There are some great videos you can find online which show how shear thickening fluids work. If you mix corn starch and water, you can create a fluid you can actually walk on. The pressure from your step causes the fluid to get briefly firm, allowing you to walk on it, so long as walk quickly and don’t stop.

Molasses is a shear-thinning fluid. That means under great pressure, it actually becomes less viscous and flows more easily. Molasses will also decrease its viscosity and flow more easily when it is heated. Both of these properties of molasses, its increase in viscosity due to heat and pressure, would be critical to the events of January 15. 

On the day of the tragedy, two things happened which influenced events.

First, was that that ship arrived from Cuba and transferred over 600,000 gallons of molasses to the tank. The molasses was heated to make it less viscous, so it would be easier to transfer and the amount transferred almost filled the tank to the top. One of the few times the tank had been completely filled since it was constructed.

The other thing which happened was a warm front descended on Boston. Temperatures went from 2F or -17C to 40F or 4C in one day. 

It is believed the thermal expansion of the previously cold molasses due to the increase in temperature and the addition of warm molasses from the ship, put enough pressure on the tank to cause it to fail catastrophically. There also may have been fermentation going on inside the tank, which would produce CO2, which would also create pressure.

At 12:30 pm, the tank burst. 

Because of the increased temperature of the molasses and the incredible pressure, it was under in the full tank, the viscosity was quite low. When it burst out of the tank, it did so like water. It wasn’t slowly pouring out like you would see molasses come out of a bottle.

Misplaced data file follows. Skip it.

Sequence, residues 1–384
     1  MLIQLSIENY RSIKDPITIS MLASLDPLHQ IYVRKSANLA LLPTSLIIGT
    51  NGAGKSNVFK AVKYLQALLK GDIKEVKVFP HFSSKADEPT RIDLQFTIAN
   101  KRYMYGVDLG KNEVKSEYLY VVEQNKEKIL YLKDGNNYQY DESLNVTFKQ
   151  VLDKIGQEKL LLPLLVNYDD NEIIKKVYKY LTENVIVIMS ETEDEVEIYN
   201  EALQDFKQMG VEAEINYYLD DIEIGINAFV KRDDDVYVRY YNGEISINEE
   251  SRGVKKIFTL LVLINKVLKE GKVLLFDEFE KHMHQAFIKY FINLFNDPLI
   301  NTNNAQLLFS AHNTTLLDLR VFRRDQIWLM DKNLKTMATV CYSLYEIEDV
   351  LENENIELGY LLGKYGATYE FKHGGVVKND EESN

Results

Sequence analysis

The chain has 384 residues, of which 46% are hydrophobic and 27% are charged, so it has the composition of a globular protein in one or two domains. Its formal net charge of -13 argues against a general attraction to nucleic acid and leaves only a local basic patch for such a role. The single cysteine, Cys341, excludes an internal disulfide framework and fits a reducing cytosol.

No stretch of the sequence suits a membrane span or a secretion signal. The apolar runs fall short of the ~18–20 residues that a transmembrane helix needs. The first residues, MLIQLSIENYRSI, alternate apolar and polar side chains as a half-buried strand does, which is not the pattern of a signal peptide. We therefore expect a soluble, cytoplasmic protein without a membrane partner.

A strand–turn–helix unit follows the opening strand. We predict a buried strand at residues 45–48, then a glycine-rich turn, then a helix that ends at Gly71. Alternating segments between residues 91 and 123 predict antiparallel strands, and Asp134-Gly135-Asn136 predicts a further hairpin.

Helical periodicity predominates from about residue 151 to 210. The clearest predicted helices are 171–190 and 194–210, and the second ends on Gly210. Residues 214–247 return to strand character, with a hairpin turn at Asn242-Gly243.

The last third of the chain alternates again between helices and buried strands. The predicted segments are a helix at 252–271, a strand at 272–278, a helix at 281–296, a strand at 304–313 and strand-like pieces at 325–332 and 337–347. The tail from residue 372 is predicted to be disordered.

Reports were that the wave of molasses was 25 feet high, or 6 meters, and traveled at 35 miles per hour down the street. The explosion of the tank burst with the energy of 850 sticks of dynamite. Rivets from the tank shot out like bullets and lodged in buildings.

The tank couldn’t have burst at a worse time. Children were walking home from school for lunch. Workers were out on the street. 

Buildings and elevated railways were hit by the flood and collapsed. 

Once the molasses burst forth from the tank, the non-Newtonian nature of the fluid began to kick in. Now that it was no longer under pressure and exposed to the outside air, the molasses viscosity increased, and its flow slowed dramatically. Once people were caught it in, it became the thick syrup that most people are accustom to, which made it very difficult to get out of. 

The initial death toll was only 10 people, however over the next several days and weeks, more bodies were found, with the final body count reaching 21. The last bodies were found 4 months after the flood because their bodies were swept out into Boston Harbor.

After the initial destruction in the immediate area surrounding the tank, the molasses keep flowing. Eventually, much of downtown Boston had 1 to 2 feet of molasses. 

The clean up was very difficult. Molasses in January doesn’t drain away. People from all over Boston and nearby cities came to the waterfront to help clean up, and to take home some free molasses. So many people came to the site of the flood, that streetcars and other communities around Boston became sticky and smelled of molasses for weeks. 

Boston harbor was stained with molasses until the summer, and many buildings had molasses stains that lasted for years. 

In the aftermath of the disaster, one of the first and largest class action lawsuits in American history was filed against the United States Industrial Alcohol Company. The trial lasted over three years and was the longest trial in Massachusetts history up to that point. There were so many lawyers involved, that they couldn’t fit them all in the courtroom.

The company claimed that the tank was attacked by anarchists who were protesting the use of the molasses to make explosives. There were actually two incidents similar to that which had happened during the war. However the evidence of negligence was overwhelming, and the company was eventually found guilty and had to pay $628,000 in damages, or the equivalent of $9.3 million dollars today. 

Today, the great molasses flood remains the second-worst disaster in the history of Boston. 

Many of the buildings and structures in the area of the flood have long since been torn down and replaced, but give the nature of the molasses getting into every nook and cranny, there are still people who claim that on a warm summer day, you still smell molasses in Boston.